The Delayed Promise of Prius Production in the U.S.
Throughout 2008, Toyota said that it would start building the Prius at a brand-new plant in Blue Springs, Mississippi by the end of 2010. But by December 2008, the economic recession caught up with Toyota, which mothballed the factory. The facility is now coming back to life—to build Corollas not Priuses.
The history of the Mississippi plant, and Toyota’s shifting production plans, speaks volumes about the recent ups and downs of the auto industry, gas prices, and electric-drive cars.
When it was first announced in 2007, the Blue Springs plant was originally slated to build the Toyota Highlander SUV. As gas prices, and Toyota Prius sales, skyrocketed in late 2007 and early 2008, Toyota said that SUVs were out—and hybrids were in. With $4 gas, Toyota couldn’t keep the Prius on its lots and some dealerships were charging big premiums. So the time was apparently right to bring Prius production to the United States, as Toyota had been planning for some time.
Fast forward to 2010: consumers are pinching pennies and gas prices are well below $3 a gallon. So far this year, Prius sales are down by 31 percent compared with the first five months of 2008. As long as this pattern continues, Toyota is likely to postpone Prius production in America. But that could change.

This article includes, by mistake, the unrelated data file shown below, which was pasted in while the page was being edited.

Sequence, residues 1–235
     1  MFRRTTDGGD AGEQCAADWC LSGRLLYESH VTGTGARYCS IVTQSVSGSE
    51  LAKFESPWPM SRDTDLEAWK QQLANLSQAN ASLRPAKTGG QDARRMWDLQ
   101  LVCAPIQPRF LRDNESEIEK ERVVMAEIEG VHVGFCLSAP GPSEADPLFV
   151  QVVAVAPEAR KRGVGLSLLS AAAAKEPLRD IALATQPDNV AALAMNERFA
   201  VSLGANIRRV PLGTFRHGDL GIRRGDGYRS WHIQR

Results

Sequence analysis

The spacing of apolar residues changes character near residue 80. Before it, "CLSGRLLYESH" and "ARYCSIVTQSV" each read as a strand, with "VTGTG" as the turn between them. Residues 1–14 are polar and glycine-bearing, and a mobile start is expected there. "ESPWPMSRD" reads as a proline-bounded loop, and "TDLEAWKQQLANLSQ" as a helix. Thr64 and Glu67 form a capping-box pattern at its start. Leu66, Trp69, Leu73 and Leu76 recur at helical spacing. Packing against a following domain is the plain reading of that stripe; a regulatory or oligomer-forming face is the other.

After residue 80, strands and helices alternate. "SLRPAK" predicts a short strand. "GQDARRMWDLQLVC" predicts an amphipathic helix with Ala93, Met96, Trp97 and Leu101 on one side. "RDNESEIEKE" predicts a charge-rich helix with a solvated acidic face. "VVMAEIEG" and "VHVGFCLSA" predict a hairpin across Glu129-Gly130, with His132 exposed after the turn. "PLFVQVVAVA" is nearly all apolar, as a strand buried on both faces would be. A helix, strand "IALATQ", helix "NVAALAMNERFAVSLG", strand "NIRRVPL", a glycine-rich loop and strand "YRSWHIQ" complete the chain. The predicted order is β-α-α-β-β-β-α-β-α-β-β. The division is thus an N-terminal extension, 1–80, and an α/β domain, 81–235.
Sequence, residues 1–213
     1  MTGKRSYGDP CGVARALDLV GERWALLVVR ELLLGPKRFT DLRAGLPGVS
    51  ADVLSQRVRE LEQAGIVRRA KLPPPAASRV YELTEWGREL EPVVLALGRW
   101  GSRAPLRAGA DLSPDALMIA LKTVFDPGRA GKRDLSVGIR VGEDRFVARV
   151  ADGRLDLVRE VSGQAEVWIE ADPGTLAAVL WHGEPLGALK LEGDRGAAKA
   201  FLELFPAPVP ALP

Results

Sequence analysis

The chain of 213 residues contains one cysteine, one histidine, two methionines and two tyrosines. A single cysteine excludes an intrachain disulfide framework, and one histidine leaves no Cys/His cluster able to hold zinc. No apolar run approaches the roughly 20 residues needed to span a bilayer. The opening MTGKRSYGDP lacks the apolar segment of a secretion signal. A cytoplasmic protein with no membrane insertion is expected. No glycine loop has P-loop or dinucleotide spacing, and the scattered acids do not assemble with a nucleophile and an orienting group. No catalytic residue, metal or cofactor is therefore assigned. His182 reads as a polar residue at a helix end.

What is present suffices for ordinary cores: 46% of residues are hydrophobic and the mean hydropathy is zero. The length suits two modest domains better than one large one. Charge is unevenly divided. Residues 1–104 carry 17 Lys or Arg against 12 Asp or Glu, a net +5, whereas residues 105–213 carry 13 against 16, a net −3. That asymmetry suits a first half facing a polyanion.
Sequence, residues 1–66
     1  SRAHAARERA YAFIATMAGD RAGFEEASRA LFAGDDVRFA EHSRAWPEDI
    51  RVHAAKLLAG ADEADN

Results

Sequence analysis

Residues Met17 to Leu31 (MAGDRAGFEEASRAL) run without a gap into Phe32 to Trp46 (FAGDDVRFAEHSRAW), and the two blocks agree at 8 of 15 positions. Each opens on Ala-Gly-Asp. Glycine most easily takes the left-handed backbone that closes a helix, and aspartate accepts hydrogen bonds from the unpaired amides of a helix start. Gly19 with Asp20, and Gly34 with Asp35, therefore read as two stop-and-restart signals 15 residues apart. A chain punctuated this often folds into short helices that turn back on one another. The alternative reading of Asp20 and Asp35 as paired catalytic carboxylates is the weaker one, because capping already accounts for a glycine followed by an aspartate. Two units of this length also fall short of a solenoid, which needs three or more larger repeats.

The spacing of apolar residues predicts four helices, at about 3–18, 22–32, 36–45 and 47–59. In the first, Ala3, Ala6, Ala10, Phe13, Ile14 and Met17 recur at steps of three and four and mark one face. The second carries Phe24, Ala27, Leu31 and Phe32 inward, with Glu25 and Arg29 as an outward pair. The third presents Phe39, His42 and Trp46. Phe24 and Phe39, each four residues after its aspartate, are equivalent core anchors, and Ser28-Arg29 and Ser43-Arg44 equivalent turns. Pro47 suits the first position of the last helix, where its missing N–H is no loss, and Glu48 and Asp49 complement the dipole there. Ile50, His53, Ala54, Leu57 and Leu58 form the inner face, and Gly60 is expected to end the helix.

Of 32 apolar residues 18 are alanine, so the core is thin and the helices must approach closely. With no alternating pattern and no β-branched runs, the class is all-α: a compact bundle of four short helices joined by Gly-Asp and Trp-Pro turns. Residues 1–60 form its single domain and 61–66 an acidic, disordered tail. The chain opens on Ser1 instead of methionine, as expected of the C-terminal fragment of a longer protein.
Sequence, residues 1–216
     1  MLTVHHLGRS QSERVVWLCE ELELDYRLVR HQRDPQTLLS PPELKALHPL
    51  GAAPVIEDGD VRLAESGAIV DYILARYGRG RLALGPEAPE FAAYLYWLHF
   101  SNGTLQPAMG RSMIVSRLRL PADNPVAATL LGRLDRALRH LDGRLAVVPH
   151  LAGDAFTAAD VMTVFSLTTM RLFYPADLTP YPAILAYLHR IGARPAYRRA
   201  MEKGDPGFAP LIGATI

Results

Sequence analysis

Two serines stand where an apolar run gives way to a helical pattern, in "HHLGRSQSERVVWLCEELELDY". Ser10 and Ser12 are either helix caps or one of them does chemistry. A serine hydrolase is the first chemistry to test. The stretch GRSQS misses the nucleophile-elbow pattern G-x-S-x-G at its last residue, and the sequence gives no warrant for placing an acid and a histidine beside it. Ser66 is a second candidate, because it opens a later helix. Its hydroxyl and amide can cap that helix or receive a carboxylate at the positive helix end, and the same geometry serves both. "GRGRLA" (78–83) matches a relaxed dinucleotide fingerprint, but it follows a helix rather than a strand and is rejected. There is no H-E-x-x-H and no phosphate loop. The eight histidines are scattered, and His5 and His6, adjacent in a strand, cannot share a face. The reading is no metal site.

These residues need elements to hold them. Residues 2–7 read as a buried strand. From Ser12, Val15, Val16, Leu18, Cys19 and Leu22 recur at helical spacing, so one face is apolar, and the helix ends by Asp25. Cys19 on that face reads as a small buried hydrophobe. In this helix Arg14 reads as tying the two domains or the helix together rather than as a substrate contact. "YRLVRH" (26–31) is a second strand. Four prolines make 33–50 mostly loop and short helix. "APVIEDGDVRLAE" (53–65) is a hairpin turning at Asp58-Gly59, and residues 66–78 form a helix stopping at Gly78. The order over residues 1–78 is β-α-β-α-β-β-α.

“As soon as global supply falls short of demand, I’m sure we’ll take a look at what we can do here in the U.S.,” said Jim Lentz, president of Toyota Motor Sales U.S.A., on a media conference call last week. Mr. Lentz said the important thing for Toyota right now is to bring back North American production of the low-cost Toyota Corolla.
Toyota stopped building the Corolla in the U.S. in April, when the company closed the NUMMI plant in Fremont, Calif.— which it had shared with General Motors until bankruptcy led G.M. to shut down its operations there.
The story comes full circle with last month’s announcement that Toyota will invest $50 million in Tesla Motors—thus helping the electric carmaker take over a section of the NUMMI plant to build its upcoming Model S electric sedan. It’s too early to tell if Toyota and Tesla will co-produce an electric car together—or when the economic conditions and gas prices will swing back in favor of hybrids. But when that day comes, Toyota will already have some kind of presence at NUMMI—which could be the ideal place to roll out Priuses—with and without plugs—directly into hybrid- and EV-friendly Northern California.